To make this equation true, one of the three terms in the product on the left side has to be $0$. We could set $K_n$ to $0$, which means there was no initial energy stored in the capacitor. Or, the term $e^{st}$ becomes zero if $s$ is negative and we wait for $t$ to go to infinity. (All natural responses approach $0$ if you wait long enough.) Something interesting happens if we make the third term $0$,

$s + \dfrac{1}{\text{RC}} = 0$

This is the characteristic equation of the $\text{RC}$ natural response. Solve the characteristic equation for $s$ (find the roots of the characteristic equation).

$s=-\dfrac{1}{\text{RC}}$

Put this value of $s$ back into the proposed solution. This gives us the general form of the natural response for $t > 0$,

$v_n = K_n\,e^{-t/\text{RC}}$

General solution to the $\text{RC}$ natural response. $v_n = K_n\, e^{-t/\text{RC}}$

This general solution is an infinite family of curves based on all possible values of $K_n$. The natural response is an exponential curve whose rate of descent is determined by the product $\text{RC}$. If you set $t = 0$ the equation tells you $K_n$ corresponds to the voltage at $t = 0$. We hold off figuring out a specific value of $K_n$ until after we assemble the total response.

Forced response

The superposition theory says we win with any particular solution to the differential equation. However, we won’t go for any particular solution, but rather for a special one, the particular solution that corresponds to the long-term steady-state of the circuit. It gets a special name, the forced response.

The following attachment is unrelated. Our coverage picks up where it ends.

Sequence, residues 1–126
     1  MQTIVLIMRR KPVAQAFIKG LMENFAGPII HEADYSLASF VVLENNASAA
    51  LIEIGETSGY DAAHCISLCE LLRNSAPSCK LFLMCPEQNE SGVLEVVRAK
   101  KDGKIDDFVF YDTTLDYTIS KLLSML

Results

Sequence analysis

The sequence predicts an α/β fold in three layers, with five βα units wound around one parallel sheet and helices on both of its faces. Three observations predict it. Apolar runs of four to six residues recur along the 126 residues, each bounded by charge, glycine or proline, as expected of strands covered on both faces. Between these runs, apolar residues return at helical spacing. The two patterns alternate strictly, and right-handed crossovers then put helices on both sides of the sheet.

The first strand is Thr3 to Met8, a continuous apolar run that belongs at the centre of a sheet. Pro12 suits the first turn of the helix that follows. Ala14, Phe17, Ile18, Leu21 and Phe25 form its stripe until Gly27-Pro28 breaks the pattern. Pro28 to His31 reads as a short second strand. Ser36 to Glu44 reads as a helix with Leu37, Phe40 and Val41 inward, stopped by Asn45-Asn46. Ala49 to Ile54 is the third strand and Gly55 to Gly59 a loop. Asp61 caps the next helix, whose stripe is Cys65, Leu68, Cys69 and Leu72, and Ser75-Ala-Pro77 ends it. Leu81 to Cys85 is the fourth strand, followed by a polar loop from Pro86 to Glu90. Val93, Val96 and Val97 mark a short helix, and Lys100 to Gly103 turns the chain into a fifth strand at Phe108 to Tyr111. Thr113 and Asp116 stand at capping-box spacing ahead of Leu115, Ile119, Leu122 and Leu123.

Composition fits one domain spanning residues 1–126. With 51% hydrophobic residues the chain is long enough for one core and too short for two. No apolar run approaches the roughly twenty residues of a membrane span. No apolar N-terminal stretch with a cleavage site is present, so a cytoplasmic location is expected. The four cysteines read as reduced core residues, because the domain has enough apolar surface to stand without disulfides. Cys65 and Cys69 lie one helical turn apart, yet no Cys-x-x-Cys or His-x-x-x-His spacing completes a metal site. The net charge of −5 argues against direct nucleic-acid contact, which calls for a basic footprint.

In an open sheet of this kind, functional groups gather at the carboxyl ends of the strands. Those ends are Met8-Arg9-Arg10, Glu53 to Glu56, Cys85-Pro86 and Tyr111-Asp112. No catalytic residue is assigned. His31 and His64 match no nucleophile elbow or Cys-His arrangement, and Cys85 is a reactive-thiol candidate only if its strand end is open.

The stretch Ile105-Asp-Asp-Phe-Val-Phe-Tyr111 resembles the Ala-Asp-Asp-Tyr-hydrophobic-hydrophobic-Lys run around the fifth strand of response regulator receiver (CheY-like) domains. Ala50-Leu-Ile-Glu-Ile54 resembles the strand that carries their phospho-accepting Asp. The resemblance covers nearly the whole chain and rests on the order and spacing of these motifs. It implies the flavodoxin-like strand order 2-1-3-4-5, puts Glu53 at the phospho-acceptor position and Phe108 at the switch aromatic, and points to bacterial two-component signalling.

For this step we return to the original non-homogeneous equation,

$\dfrac{dv}{dt} + \dfrac{v}{\text{RC}} = \dfrac{\text V_\text S}{\text{RC}}$

What? This again? You said this was really hard!

When I first studied non-homogeneous equations I got depressed when the original equation showed up again. What’s with all this special superposition theory and natural response if we still have to solve the original hard equation? The key that unlocks the treasure: This time we get to ignore the initial condition while finding the forced response. That cracks the door open and keeps us from going crazy.

Think back to when we derived the natural response. The solution had to make the differential equation happy and had to satisfy the initial conditions. That’s not the case for the forced response—we apply for the initial condition after we do the superposition.

Look at the equation and make an intelligent guess at a voltage function that might solve it.

Whatever $v$ is, if we hope to make both sides equal it has to bear some resemblance to the function on the right side—so let’s propose a solution that looks like the right side. Since the right side is a constant we propose a yet-to-be-determined1 arbitrary constant,

$v_f = K_f$

Pop this into the non-homogeneous equation and see if this $v_f$ makes the equation true,

$\dfrac{d}{dt} K_f + \dfrac{K_f}{\text{RC}} \stackrel{?}{=} \dfrac{\text V_\text S}{\text{RC}}$

In the first term, the derivative of a constant is always $0$,

$0 + \dfrac{K_f}{\text{RC}} \stackrel{?}{=} \dfrac{\text V_\text S}{\text{RC}}$

The equation comes true when what? When,

$K_f = \text V_\text S$

This resolves the arbitrary constant $K_f$, which means we did what the superposition theory said, we found a particular solution for $v_f$,

$v_f = \text V_\text S$

A particular solution for the $\text{RC}$ step is $v_f(t) = \text V_\text S$, also known as the forced response.